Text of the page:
TNIE Expressions | Why Indian children’s literature needs to have a ‘desi’ connect
The last session of TNIE’s Dakshin Literary Festival was a great delight for young Indian readers.
The last session of TNIE’s Dakshin Literary Festival was a great delight for young Indian readers. The session featured some of the most celebrated children’s literature authors across India — Roopa Pai, Khyrunnisa A, Shobha Tharoor Srinivasan, Lakshmi Iyer and Laxmi Natraj. The five of them were in conversation with author and senior journalist Kaveree Bamzai about Globalising South Indian tales for Children.
“I grew up reading Enid Blyton in whose’s books, the children’s lives were different. They never had parents around them and they were visiting places on their own, unlike me. I grew up feeling my life wasn’t probably as colourful as a British child’s childhood and that my food wasn’t as tasty as their ham, scones and gingerbread,” said author Roopa Pai.
For Srinivasan, the appeal of adventure, mystery, larger than life heroes are universal and quintessential for children. She spoke about her lockdown project of retelling Indian stories for audiences across the world.
“The main job was to share our cultural heritage with children all around the world. I told one story a day for 70 days. People were very excited. In fact, at one point, I had 600 people listening to it,” she said.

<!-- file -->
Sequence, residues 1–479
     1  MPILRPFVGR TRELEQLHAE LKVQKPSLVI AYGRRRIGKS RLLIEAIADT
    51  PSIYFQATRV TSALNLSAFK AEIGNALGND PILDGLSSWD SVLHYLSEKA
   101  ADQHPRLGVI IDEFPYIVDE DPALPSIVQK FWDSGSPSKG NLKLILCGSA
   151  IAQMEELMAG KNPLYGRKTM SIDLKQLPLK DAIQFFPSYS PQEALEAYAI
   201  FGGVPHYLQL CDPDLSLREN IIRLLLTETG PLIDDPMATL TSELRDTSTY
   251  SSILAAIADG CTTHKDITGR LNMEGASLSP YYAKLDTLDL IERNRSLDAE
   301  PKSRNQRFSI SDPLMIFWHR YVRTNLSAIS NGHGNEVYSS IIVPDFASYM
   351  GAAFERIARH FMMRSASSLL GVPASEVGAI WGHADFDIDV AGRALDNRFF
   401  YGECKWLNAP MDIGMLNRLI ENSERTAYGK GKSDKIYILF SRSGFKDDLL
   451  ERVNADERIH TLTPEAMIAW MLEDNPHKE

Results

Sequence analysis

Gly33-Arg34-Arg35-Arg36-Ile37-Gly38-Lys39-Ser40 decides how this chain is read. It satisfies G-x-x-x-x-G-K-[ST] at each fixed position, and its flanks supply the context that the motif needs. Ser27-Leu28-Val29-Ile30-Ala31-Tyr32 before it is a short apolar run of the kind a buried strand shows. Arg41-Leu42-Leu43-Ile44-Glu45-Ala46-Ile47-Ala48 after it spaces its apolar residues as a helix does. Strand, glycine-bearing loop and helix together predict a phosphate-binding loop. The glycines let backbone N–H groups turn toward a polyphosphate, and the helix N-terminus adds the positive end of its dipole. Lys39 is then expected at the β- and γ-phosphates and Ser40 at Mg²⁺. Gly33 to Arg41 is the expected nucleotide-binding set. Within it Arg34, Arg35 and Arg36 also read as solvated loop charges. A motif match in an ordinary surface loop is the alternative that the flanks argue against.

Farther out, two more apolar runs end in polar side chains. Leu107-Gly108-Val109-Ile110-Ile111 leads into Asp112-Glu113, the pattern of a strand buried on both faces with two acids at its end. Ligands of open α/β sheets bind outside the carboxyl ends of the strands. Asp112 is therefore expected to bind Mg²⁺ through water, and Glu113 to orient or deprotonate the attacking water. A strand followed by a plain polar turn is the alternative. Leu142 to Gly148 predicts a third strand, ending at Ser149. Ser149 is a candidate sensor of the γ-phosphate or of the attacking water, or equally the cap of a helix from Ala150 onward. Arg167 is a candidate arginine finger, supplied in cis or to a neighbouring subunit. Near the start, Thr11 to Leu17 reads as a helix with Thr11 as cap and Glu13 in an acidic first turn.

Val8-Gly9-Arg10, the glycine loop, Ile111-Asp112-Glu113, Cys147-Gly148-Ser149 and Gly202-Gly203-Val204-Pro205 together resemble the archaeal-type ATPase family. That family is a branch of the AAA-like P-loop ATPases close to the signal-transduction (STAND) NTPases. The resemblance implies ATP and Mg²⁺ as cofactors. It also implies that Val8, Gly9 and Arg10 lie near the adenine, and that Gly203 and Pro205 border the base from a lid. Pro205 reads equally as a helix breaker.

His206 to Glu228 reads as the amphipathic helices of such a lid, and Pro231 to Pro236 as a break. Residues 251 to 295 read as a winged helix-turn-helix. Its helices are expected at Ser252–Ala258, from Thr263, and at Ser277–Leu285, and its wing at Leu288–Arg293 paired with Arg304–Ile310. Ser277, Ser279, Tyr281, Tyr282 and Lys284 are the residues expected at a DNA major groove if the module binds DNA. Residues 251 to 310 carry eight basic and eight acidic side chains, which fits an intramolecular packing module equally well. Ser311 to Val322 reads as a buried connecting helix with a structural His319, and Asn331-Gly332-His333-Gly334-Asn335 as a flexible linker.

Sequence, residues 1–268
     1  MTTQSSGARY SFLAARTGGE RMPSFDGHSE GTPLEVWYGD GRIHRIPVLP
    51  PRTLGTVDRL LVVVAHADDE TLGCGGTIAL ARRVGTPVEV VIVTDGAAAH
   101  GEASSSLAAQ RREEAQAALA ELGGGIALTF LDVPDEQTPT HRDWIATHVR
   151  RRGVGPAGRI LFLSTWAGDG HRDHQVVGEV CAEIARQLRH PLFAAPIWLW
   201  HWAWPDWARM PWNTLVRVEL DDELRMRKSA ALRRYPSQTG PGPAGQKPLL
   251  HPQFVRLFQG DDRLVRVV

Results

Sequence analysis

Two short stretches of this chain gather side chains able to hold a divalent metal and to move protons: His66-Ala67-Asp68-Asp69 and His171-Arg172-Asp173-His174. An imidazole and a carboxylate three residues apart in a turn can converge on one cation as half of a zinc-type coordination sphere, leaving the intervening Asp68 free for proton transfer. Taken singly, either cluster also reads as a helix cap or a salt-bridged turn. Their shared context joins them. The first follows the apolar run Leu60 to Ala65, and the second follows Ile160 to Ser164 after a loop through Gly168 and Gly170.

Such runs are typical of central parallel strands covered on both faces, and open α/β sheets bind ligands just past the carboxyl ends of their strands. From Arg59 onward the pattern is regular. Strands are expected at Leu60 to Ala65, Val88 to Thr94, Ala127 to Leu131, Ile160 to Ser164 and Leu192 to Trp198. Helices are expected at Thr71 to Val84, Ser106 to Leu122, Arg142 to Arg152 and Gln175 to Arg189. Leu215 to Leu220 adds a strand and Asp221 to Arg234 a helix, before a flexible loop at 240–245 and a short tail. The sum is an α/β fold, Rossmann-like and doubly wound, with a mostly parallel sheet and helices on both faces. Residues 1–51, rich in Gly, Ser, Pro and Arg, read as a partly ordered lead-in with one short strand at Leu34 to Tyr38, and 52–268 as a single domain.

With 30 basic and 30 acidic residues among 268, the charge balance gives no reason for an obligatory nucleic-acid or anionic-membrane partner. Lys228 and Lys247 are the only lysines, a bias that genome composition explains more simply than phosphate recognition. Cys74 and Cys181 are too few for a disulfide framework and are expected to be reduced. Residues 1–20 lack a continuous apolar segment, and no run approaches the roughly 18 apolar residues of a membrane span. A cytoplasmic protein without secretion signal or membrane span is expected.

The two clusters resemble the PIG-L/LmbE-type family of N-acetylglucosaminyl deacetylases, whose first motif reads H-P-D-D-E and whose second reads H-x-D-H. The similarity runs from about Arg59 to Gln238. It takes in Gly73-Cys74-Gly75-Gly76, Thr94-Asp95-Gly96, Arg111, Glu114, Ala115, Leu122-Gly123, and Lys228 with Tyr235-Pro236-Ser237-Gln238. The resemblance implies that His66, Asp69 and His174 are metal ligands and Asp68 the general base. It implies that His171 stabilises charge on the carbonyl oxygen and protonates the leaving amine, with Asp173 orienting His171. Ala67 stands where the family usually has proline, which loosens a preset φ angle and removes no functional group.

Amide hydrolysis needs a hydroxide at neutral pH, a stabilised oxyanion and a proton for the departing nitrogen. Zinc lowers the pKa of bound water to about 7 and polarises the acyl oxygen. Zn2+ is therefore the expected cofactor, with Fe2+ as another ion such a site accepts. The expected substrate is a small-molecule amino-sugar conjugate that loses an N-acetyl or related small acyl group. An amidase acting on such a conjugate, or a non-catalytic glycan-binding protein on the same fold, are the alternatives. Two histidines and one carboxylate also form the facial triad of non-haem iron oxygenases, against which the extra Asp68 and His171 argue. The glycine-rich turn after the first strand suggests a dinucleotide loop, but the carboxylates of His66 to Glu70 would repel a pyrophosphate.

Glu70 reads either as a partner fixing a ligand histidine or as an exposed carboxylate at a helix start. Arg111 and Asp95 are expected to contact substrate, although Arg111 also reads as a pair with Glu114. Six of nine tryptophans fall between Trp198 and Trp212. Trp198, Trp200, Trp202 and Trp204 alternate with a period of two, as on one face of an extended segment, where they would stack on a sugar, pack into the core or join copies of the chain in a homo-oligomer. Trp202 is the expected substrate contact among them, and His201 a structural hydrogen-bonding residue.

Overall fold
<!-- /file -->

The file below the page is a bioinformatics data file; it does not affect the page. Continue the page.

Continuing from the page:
Iyer, the author of Why is My Hair Curly, observed how her children’s school bookshelves in the US weren’t diverse and that was one of the reasons behind authoring her book.
“There was always a subtle whitewashing and mainstreaming of stories that were set in India. But I wanted to capture regular middle-class life with no backstory of pain, poverty or struggle,” she said.
On the other hand, Khyrunnisa said that her aim as an author was to make children laugh.
“My books may not tell you about India or talk about issues, but they have hidden messages of camaraderie and respect for elders. But mostly, I want kids to laugh. They’re quite stressed out otherwise,” she said. She also said that taking Indian books to the global markets is the publisher’s job.
A teacher turned author, Natraj started writing books with an aim to make children read more. “Initially, I was writing for very small children. I’m quite fond of them. I later shifted to science fiction and then to crime thrillers,” she said.